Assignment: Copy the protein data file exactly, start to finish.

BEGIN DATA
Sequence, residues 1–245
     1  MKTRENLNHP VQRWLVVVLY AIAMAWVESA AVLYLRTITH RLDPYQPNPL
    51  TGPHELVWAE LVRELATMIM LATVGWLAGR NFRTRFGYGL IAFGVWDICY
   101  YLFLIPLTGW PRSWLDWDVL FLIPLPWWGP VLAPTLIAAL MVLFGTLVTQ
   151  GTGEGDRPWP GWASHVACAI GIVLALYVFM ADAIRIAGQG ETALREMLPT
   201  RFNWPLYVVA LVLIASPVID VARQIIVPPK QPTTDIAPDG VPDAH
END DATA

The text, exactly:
Sequence, residues 1–245
     1  MKTRENLNHP VQRWLVVVLY AIAMAWVESA AVLYLRTITH RLDPYQPNPL
    51  TGPHELVWAE LVRELATMIM LATVGWLAGR NFRTRFGYGL IAFGVWDICY
   101  YLFLIPLTGW PRSWLDWDVL FLIPLPWWGP VLAPTLIAAL MVLFGTLVTQ
   151  GTGEGDRPWP GWASHVACAI GIVLALYVFM ADAIRIAGQG ETALREMLPT
   201  RFNWPLYVVA LVLIASPVID VARQIIVPPK QPTTDIAPDG VPDAH